(Note: Those of you who are using Moog or Korg synthesisers will have to bear in mind that your equipment requires a trigger voltage different to that of most other synths. With Moogs, you'll have to set Channel 2's CV to give 12 volts for a rest, whilst 0 volts will trigger the EGs. Korgs, on the other hand, require a negative going pulse for a note to sound so Channel 2's CV has to be routed via an inverter.)
An extension of this technique (which has in fact been touched upon before in the article that looked at percussive sounds but which can be used just as effectively for pitched voices) is to use a sample and hold device to trigger the EGs randomly.
The patch is given in Figure 2(a) and you'll soon see that in this case the sample and hold is stepped through by the sequencer clock output. The random output is then routed to the EG trigger input so that whenever the random voltage rises above the trigger threshold level, the note will sound accordingly. Using this technique you can set up some fascinating effects in which notes suddenly appear at random, though their pitch has been pre-programmed into the sequencer.
One extension of this is to use the sample and hold to step the sequencer in a random manner (Figure 2(b)) so that, as well as the notes triggering at random, the sequenced notes also appear at random. This technique is more suited to accompanying a foundation sequence as a counterpart, and can sound particularly effective when the sequences are overdubbed and the sequencer and sample and hold are triggered by a click-track off tape. Alternatively, this patch could be used as part of a multi-voice sequencer set-up, with everything being triggered from a master clock from, say, a drum machine. Care must be taken to program notes into the randomly triggered sequence so that when notes eventually trigger, they don't clash with the main sequence. The total effect of this can be very interesting, as notes appear at random but dead on-beat. If this is multitracked a few times and then mixed down into a wide stereo image, notes will appear to 'bounce' from left to right.
Whilst on the subject of sample and hold devices, it might be a good idea to look at another technique that makes use of these (extremely useful) pieces of equipment. They have, in fact, been covered in past episodes so I won't dwell too long on them.
Referring to Figure 3, you can see that the CV output from the S/H is routed to the CV input of the VCF. You will also see that the S/H is being stepped by the sequencer (though this could be a master clock) so that for every step of the sequencer there is a random change in voltage from the S/H. This should enable you to create a variety of melodic and rhythmic sequences in which each note has a different tonal character. With high resonance settings on the VCF the tonal change will be quite drastic, but with low resonance settings the effect will be rather more subtle and, as well as tonal change taking place, there will also be an impression of level change, thereby creating random accents. This can transform an otherwise simple (boring?) sequencer pattern into something considerably more interesting and, using a fast tempo, you should be able to create powerful and dynamic rhythmic structures.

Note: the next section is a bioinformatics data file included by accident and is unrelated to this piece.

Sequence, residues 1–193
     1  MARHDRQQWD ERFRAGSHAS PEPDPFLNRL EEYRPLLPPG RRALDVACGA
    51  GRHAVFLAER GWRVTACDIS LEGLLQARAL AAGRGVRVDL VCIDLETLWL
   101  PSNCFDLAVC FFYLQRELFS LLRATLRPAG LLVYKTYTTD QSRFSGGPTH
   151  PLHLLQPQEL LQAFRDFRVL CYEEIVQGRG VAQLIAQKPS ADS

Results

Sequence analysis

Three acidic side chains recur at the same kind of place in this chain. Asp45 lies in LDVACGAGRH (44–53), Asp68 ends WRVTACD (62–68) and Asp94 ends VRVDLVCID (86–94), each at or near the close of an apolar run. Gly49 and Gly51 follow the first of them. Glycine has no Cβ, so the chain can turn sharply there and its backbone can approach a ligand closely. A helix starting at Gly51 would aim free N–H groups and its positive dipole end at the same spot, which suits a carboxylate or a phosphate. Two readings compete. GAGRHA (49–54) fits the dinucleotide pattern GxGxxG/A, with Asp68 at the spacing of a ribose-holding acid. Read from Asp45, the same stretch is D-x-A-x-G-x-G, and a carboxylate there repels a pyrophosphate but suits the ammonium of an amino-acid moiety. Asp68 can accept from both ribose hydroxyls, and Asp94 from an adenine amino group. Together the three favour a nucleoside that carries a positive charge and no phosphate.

Feeding the white noise output of the noise generator into the audio input of the VCF should give the impression of the noise only sounding when the VCF is 'open' which will, of course, occur totally at random. In addition by routing the synthesiser into an echo unit whose echo speed is set to match the tempo of the sequencer the effect can be made more unusual still (especially when run in stereo), and by multitracking this technique, some incredibly complex polyrhythms can be set up.
There's no reason, of course, why the S/H shouldn't be routed to some other voltage-controlled device. My suggestions are the CV input of a synced VCO, the VCA, the PWM CV input of a VCO, or possibly the CV input of a voltage-controlled flanger or phase shifter, if you have these devices at your disposal. Whatever you choose to do with your Sample and Hold facility, beware. A lot of its possible uses have become terribly cliched in recent times, so take care to avoid these as far as possible.
All this by no means concludes the possible applications of sequencers in a modular system: next month we'll be looking at some other techniques which should give you an even greater sonic vocabulary to play with.
Feature by Steve Howell